Student life[edit]


School Sports logo

Highland Park competes in the Central Suburban League and is a member of the Illinois High School Association (IHSA) which governs most of the sports and competitive activities in the state. Its mascot is the Giants.

The school sponsors interscholastic sports teams for young men and women in basketball, cross country, gymnastics, soccer, swimming & diving, tennis, track & field, volleyball, wrestling and water polo. Young men may also compete in baseball, golf, football, and Scholastic wrestling. Women may compete in softball. While not sponsored by the IHSA, the school also sponsors teams for men and women in lacrosse in addition to an ice hockey team for men. Highland Park also sponsors a joint fencing team with Deerfield High School for men and women.[13]

The following teams have won their respective IHSA sponsored state championship tournament:[14]

  • Cross country (Boys): State Champions (1961–62)
  • Golf (Boys): State Champions (1939–40, 1947–48, 1951–52, 1952–53, 1958–59)
  • Tennis (Boys): State Champions (1972–73)


Highland Park offers 64 clubs, activities, and intramurals for students.[15] Among these activities are chapters or affiliates of several nationally notable organizations: Amnesty International, Congressional Debate, DECA, FIRST Tech Challenge, Key Club, and Model UN.[16]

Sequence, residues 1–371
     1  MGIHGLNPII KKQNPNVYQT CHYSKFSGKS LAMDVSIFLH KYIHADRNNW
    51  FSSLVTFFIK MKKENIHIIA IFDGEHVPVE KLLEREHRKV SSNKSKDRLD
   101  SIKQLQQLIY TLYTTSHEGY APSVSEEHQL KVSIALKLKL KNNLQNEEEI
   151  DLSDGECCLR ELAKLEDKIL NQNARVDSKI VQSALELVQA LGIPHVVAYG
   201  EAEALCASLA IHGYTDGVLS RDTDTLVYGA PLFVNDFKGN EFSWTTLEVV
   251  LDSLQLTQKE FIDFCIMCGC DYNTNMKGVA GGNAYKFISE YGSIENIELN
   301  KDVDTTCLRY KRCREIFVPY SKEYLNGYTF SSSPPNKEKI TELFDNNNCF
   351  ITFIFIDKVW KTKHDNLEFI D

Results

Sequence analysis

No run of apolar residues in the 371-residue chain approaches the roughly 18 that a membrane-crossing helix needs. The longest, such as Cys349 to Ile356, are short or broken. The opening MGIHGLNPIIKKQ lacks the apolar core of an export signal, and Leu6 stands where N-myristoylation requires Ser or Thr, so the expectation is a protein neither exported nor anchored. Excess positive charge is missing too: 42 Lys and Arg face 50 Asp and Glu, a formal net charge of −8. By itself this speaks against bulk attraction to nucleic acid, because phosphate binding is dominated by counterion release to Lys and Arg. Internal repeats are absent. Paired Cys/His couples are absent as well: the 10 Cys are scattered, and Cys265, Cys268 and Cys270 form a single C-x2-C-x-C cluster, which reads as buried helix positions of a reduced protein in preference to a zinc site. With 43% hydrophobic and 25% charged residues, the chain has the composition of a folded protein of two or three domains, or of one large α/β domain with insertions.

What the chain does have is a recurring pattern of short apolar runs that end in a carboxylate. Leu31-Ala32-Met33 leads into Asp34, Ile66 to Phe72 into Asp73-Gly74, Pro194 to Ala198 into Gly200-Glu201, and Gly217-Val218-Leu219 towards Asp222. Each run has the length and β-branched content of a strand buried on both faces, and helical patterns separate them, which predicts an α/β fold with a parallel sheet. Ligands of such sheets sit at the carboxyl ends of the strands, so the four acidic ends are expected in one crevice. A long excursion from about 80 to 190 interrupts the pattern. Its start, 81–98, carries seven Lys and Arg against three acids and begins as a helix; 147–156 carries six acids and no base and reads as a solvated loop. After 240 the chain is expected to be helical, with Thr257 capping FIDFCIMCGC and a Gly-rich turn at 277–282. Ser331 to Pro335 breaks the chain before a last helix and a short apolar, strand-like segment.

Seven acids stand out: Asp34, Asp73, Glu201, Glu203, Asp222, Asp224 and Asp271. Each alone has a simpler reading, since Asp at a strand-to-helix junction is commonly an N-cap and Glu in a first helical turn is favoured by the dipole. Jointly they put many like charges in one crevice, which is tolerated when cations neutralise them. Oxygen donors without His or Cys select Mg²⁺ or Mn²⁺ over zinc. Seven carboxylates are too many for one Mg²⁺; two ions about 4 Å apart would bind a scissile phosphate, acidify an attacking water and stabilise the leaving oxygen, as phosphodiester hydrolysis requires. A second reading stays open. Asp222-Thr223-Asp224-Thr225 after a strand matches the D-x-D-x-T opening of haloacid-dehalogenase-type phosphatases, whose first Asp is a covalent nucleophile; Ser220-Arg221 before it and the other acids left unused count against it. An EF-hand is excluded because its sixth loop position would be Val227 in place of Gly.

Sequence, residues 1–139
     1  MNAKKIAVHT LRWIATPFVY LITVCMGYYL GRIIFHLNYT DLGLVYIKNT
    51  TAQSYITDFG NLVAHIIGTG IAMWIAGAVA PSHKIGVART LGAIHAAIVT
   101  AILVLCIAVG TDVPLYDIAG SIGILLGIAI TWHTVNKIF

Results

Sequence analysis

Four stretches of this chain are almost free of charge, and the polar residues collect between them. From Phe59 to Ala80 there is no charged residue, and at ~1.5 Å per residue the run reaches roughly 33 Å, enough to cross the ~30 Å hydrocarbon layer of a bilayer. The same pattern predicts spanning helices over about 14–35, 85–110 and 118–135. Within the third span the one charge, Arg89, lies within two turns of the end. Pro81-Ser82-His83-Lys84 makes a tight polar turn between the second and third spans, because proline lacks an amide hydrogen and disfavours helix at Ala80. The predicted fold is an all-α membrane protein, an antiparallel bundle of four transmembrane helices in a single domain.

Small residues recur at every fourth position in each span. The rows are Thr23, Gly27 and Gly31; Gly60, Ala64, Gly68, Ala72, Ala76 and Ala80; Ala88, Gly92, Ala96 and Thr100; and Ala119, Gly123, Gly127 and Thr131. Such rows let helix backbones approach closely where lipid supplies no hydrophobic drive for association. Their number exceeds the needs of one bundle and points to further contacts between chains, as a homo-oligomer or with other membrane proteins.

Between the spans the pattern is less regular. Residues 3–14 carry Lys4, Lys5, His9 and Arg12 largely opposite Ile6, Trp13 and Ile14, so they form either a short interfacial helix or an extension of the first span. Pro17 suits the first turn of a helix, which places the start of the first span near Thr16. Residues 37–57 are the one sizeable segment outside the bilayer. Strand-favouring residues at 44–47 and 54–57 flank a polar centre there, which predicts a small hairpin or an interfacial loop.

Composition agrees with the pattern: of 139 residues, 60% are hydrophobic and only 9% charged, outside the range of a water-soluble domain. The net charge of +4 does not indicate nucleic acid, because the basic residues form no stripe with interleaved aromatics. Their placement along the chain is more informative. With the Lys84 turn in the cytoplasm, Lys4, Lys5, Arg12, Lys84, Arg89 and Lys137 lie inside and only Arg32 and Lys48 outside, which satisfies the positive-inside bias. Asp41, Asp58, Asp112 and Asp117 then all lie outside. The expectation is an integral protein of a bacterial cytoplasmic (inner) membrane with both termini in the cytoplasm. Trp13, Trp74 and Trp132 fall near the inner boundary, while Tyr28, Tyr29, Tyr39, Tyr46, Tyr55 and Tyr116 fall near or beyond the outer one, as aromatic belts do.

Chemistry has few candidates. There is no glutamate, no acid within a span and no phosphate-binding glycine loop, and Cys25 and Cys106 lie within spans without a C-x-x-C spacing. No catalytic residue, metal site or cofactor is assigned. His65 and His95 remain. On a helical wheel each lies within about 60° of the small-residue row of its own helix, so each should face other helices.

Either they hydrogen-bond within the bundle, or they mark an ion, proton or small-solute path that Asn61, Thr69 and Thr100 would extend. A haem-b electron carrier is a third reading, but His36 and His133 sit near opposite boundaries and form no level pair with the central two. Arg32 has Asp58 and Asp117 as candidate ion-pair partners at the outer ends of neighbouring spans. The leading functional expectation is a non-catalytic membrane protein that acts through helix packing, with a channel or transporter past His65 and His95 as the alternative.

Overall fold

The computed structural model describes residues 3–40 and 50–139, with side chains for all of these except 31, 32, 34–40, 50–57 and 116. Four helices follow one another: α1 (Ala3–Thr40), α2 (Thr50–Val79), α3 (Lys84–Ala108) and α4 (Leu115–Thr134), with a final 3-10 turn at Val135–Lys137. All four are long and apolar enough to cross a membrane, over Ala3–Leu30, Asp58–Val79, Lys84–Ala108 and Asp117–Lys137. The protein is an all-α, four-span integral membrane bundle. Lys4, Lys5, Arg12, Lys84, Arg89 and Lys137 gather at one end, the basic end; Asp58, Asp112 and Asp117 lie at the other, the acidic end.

The repertoire of the drama department includes two plays and one musical each year in addition to an all original student musical called STUNTS, which is entirely directed, choreographed, produced by students, and a "Short Play" festival, directed entirely by students. Past performances include renditions of Metamorphoses, Cats, The Scarlet Pimpernel, The Laramie Project, Les Misérables, Fiddler on the Roof, Urinetown, Beauty and the Beast, and Evita. During the 2005–2006 and 2011–2012 school years, the play On Stars Not Falling (written by one of Highland Park's acting teachers) was selected to be performed at the Illinois High School Theatre Festival.